27-inch iMacs! Mac minis as servers! New cheap MacBooks! A magical new mouse! Apple opened the floodgates this morning with a bushel of new hardware updates—which should set the company up for a blingin' holiday season.
Apple dropped a hardware update bomb Tuesday morning with a brand-new desktop mouse, new iMacs, new low-end MacBooks, and a new Mac mini. All of the above had been rumored for some time, but a new mouse was the first to captivate Apple fans' attention due to its multitouch makeover.
Named the "Apple Magic Mouse" (please, reserve your snickers for the comments), the Mighty Mouse replacement has no buttons at all and sports a "seamless multi-touch surface." According to Apple, the multitouch surface covers the entire surface of the device, enabling users to scroll in any direction or swipe through webpages just by moving their fingers across the top. It's only available in Bluetooth form; if you want a wired mouse, Apple has rebranded the Mighty Mouse as the "Apple Mouse" and is continuing to sell it.
Apple reassures us that Magic Mouse "won't confuse a scroll with a swipe," presumably because of the magical chip embedded inside. Apple is trying to replicate the multitouch functionality of the trackpad on a mouse, but we won't know how successful the effort is until we get our hands on one. The mouse by itself costs $69, but it comes packaged with the iMacs introduced today.
As expected, Apple's venerable all-in-one desktop was also updated with the addition of a 27-inch model and a bump on the lower end to 21.5-inches. The new iMacs now sport 16x9 aspect ratios on LED-backlit screens, at resolutions of 1920x1080 (1080p) and 2560x1440, respectively. What's most interesting about the new 27-inch iMac is that they have Mini DisplayPort-in; this means that users will be able to connect external sources to the iMac's display, such as a DVD player or other computers, essentially allowing them to use the iMac as a TV or external monitor for a notebook. (Imagine Apple's current 24-inch Cinema Display's functionality with the current notebook line, and stick it in an iMac.)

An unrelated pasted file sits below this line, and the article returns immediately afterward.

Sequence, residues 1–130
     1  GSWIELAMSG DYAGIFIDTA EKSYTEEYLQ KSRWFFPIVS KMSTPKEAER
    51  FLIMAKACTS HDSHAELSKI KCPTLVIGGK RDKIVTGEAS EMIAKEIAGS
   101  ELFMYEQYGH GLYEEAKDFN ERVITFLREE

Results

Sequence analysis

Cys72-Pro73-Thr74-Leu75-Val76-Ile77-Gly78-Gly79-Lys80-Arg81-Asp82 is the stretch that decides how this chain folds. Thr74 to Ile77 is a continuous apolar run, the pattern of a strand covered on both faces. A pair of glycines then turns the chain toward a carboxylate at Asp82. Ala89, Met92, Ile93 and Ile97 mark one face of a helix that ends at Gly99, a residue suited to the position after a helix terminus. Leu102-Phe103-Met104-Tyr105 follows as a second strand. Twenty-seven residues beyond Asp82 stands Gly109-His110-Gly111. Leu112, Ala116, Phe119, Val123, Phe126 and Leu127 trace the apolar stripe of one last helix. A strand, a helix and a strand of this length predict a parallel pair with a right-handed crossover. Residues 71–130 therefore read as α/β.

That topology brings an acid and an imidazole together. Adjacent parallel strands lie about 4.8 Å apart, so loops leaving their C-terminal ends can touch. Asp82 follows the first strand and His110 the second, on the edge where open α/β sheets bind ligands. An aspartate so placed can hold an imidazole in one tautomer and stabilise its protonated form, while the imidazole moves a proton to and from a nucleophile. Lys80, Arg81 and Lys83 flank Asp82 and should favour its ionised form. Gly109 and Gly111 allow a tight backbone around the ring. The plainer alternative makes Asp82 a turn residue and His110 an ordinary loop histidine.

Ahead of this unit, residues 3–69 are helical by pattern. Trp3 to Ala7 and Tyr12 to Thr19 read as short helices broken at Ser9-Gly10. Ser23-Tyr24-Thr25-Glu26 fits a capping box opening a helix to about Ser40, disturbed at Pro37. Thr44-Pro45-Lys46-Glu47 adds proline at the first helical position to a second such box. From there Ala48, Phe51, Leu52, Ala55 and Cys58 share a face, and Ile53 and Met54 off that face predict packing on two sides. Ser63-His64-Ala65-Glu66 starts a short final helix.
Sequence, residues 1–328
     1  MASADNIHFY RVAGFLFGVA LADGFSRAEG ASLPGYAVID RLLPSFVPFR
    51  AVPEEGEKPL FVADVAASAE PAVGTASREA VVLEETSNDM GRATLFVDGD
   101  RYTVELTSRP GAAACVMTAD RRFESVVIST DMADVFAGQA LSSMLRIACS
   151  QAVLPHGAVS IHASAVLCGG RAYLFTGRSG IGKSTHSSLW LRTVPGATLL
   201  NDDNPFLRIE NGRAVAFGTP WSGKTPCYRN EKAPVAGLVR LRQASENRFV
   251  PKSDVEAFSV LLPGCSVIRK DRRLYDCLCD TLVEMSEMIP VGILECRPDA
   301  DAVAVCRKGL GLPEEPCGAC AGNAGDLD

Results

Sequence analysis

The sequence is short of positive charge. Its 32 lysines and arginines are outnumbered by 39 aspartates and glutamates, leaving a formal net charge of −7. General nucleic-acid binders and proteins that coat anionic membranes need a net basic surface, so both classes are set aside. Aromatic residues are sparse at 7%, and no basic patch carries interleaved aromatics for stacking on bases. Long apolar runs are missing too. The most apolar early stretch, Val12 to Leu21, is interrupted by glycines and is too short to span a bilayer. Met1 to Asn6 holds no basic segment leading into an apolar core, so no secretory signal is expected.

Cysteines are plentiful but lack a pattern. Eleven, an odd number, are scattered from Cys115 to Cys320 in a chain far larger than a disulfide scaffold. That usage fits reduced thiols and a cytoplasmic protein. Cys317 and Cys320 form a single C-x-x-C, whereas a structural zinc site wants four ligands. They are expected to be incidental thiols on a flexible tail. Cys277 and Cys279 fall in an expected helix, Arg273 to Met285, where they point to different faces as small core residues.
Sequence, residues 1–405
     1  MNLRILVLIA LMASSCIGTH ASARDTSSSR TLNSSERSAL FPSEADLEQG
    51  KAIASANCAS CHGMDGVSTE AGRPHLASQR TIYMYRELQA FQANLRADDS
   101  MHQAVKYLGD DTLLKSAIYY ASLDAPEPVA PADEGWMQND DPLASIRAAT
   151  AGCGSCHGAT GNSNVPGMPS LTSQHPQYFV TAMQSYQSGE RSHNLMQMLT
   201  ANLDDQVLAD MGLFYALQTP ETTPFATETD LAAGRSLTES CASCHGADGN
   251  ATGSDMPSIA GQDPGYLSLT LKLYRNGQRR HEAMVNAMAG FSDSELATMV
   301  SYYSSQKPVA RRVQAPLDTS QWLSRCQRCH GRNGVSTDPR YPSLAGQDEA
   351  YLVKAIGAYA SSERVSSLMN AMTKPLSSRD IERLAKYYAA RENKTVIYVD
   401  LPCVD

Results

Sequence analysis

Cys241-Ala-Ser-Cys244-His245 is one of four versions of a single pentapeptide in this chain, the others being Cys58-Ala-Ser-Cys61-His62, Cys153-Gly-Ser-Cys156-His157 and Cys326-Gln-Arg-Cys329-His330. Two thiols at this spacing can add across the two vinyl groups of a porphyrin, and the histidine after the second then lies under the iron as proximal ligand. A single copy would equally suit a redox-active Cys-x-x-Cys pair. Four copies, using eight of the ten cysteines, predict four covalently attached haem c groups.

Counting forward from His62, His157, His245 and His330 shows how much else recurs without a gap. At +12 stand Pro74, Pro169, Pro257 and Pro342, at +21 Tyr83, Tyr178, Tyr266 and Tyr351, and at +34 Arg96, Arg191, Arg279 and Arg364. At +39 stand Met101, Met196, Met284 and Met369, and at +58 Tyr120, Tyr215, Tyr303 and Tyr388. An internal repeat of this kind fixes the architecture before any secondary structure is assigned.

In addition to the screen overhauls, the new iMacs also sport faster hardware, including the addition of a 2.66GHz or 2.8GHz quad-core Intel Core i5 in the 27-inch iMac model. (The 21.5-inch model brings either a 3.06GHz with 3MB L2 cache or 3.33GHz with 6MB L2 cache Intel Core 2 Duo.) This marks the first time Apple has offered quad-core CPUs in the consumer-oriented iMac line—previously, it was limited to the Mac Pros alone. The 21.5-inch version has NVIDIA GeForce 9400M integrated graphics or ATI Radeon HD 4670 discrete graphics, while the 27-inch model has either ATI Radeon HD 4670 discrete graphics or ATI Radeon HD 4850 discrete graphics.
Storage-wise, both iMacs come with either a 500 or 1TB SATA drive or an optional (built-to-order) 2TB SATA drive. Like Apple's latest notebook line, the new iMac also has a built-in SD card slot for easy transferring of pictures and other data. Finally, the iMacs come with a completely new wireless keyboard and the Magic Mouse. The 21.5-inch iMac starts at $1,199 and the 27-inch model starts at $1,699, and there's a walkthrough video for those inclined to check it out.
Apple didn't forget about the bastard child sometimes-neglected Mac mini this time around, either. The little machine didn't get an external touch-up, but it did get a bump in processor specs, memory, and the option to turn it into a server. The mini now sports a 2.26, 2.53, or 2.66GHz Core 2 Duo processor with 3MB shared L2 cache and up to 4GB of RAM total starting at $599.